GE’s entry into offshore wind is part of the company’s restructuring following a steep decline in fossil fuel development worldwide. Jérôme Pécresse, president and CEO of GE Renewable Power, said the company could “get many positives out of the energy transition.” Reportedly, GE is investing about $400 million over the next three to five years to develop the Haliade-X and plans to complete the first turbine in 2019 with first shipments starting no later than 2021.
“The conventional wisdom, three, four years ago at GE was thermal power [will] keep growing and offshore wind is a fantasy,” Pécresse was quoted as saying in a Financial Times article. “Now offshore wind is not a fantasy, it’s a market. And GE can positively adapt and invest into it.”
Though GE has been very successful with onshore turbines since buying Enron’s wind division out of bankruptcy in 2002, becoming the fourth-largest onshore turbine manufacturer, it has been virtually absent offshore until now. Operators bidding for new subsidy-free offshore wind contracts have suggested larger turbines are needed for projects to be commercially viable. Pécresse said GE would provide welcome competition among suppliers, pushing the limits ever higher. “This turbine is the right size at the right time,” he said.
Subsidy-Free Wind Farms: Proof of a Maturing Industry
Just this year, the Netherlands awarded a contract to Vattenfall of Sweden for two 350-MW offshore wind farms hailed as the world’s first to be constructed without government subsidies. However, Germany last year also awarded two contracts for subsidy-free wind farms, but these won’t come online until after the Vattenfall projects.
The steep decline of offshore wind costs has been remarkable over the last decade. One estimate quoted by the Financial Times suggested the new subsidy-free German offshore projects may be able to generate power for about €31/MWh ($38/MWh). That’s markedly less than a U.S. Energy Information Administration forecast, which estimated an unsubsidized cost of $157/MWh. With falling costs, utilities are increasingly able to invest without relying on subsidies to ensure profitability.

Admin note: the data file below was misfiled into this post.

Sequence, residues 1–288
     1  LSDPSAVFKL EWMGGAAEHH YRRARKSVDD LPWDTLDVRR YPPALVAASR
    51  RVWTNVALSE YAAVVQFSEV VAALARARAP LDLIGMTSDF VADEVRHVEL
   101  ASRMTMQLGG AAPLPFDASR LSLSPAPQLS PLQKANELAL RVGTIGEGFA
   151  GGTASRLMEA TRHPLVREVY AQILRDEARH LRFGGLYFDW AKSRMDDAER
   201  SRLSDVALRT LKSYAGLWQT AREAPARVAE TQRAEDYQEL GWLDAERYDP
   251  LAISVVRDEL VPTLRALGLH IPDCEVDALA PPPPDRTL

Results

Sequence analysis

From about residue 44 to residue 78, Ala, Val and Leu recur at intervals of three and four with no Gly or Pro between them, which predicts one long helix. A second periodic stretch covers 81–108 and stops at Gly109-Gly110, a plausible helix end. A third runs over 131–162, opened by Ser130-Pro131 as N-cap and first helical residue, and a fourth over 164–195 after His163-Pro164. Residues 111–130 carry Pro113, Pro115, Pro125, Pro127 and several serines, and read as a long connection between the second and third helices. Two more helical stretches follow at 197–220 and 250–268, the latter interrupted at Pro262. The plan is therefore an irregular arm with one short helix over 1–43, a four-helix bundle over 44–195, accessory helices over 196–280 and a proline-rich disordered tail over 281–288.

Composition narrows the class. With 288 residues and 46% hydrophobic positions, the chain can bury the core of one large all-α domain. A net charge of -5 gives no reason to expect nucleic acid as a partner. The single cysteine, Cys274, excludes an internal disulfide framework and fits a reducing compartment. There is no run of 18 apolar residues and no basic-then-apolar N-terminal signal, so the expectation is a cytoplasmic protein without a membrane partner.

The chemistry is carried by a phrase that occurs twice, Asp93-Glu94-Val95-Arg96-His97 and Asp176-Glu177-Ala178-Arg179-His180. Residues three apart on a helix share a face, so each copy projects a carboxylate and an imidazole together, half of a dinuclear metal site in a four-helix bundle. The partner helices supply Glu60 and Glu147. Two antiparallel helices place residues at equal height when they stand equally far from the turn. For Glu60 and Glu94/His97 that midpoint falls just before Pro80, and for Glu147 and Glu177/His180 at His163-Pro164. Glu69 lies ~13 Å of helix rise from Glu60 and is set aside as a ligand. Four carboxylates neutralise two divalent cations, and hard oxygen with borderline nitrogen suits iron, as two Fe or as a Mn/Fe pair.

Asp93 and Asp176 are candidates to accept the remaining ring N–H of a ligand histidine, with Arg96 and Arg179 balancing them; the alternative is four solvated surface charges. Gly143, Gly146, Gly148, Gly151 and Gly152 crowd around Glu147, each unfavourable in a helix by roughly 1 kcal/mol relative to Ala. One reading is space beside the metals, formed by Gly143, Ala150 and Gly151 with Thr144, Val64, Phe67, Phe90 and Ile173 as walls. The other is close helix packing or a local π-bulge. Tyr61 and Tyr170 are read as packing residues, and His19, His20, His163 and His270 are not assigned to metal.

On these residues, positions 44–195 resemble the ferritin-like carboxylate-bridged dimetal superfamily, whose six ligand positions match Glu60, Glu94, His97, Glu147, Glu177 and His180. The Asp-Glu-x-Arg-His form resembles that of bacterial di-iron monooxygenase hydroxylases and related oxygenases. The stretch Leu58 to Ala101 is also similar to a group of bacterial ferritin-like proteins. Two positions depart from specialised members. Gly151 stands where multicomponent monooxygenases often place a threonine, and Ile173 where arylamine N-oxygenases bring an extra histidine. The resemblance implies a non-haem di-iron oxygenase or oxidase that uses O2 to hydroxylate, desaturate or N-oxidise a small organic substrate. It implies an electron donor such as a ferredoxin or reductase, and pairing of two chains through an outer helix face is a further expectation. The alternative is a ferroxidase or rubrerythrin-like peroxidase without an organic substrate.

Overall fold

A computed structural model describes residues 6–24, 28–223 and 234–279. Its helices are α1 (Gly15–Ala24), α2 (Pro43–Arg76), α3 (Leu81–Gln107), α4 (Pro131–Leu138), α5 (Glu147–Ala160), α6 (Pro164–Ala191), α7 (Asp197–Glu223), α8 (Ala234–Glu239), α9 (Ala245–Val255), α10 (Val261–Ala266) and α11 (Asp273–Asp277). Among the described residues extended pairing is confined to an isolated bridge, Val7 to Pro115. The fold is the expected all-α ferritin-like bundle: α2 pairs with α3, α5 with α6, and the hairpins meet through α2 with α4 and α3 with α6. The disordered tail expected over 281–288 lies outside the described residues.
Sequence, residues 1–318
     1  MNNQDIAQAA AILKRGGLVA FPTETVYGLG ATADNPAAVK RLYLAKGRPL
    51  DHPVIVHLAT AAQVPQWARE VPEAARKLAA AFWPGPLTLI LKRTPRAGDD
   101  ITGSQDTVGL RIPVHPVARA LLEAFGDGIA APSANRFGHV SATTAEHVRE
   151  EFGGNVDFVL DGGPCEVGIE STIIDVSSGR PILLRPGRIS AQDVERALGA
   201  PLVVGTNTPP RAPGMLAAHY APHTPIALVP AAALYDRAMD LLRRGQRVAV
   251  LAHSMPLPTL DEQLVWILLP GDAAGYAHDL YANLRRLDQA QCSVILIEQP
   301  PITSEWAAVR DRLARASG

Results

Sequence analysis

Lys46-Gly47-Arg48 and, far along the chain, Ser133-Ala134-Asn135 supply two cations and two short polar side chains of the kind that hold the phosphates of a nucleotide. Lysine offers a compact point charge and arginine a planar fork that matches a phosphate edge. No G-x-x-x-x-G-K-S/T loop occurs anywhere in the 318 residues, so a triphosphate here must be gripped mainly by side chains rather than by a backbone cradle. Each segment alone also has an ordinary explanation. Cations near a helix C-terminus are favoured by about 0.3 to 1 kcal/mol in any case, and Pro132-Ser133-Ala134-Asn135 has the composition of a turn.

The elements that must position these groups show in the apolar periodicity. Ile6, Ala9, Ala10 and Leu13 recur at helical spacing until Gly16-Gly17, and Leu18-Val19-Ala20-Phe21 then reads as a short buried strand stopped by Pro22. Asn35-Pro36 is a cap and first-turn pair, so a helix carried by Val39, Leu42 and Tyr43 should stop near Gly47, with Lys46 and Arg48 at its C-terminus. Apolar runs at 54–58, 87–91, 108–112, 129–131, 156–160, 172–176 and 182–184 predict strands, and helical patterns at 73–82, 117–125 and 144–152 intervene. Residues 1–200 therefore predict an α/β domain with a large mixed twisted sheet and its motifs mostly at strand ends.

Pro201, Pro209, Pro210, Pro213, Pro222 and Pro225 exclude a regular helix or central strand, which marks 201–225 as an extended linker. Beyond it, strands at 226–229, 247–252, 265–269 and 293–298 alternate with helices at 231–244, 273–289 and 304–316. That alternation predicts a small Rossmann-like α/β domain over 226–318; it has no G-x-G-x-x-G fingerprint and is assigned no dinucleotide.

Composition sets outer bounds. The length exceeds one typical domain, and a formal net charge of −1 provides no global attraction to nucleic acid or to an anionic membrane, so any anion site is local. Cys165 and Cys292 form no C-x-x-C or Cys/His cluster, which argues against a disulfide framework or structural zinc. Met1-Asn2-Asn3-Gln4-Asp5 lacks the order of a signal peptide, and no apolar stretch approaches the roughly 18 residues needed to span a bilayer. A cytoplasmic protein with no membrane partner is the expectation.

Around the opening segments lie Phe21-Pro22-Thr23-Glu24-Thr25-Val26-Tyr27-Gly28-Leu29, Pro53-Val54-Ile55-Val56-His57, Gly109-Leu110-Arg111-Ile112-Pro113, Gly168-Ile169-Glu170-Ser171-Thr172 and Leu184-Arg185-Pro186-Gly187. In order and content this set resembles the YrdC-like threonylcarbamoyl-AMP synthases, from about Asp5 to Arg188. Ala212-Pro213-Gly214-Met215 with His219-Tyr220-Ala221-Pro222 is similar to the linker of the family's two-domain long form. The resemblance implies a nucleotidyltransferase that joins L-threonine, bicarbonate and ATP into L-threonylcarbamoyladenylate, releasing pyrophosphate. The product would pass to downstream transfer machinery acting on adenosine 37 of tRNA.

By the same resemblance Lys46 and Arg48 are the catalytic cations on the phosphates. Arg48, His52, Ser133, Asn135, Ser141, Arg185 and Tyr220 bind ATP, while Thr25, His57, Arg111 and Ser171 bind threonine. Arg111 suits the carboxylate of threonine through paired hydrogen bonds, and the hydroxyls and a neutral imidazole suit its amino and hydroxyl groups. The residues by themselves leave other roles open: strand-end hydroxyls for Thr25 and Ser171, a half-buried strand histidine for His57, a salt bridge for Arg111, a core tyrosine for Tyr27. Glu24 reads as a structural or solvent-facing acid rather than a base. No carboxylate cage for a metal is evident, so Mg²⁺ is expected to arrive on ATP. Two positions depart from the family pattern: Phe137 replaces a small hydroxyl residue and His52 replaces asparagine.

Despite the large number of wind turbines coming online this year, WindEurope predicts that the continent will see another record amount connected to the grid in 2019. That said, the group predicts that beyond 2020, as EU states reach their mandated renewable energy goals, installations will slow, unless new decisions and targets are set.
Looking ahead to 2021 and 2022, based on available data, WindEurope expects at least another 3.1 GW and 3.2 GW to come online, respectively. Much of this will stem from the first French offshore projects that are likely to start dispatching electricity to the grid by 2021, as well as projects in Germany, Belgium, and the Netherlands. Overall, WindEurope expects a total capacity of 70 GW of offshore wind energy by 2030 in its “Central Scenario.” It predicts most will be in the North Sea (48 GW) with at least 9 GW installed in the Baltic by 2030 as well. ■
—Lee Buchsbaum (www.lmbphotography.com), a former editor and contributor to Coal Age, Mining, and EnergyBiz, has covered coal and other industrial subjects for nearly 20 years and is a seasoned industrial photographer.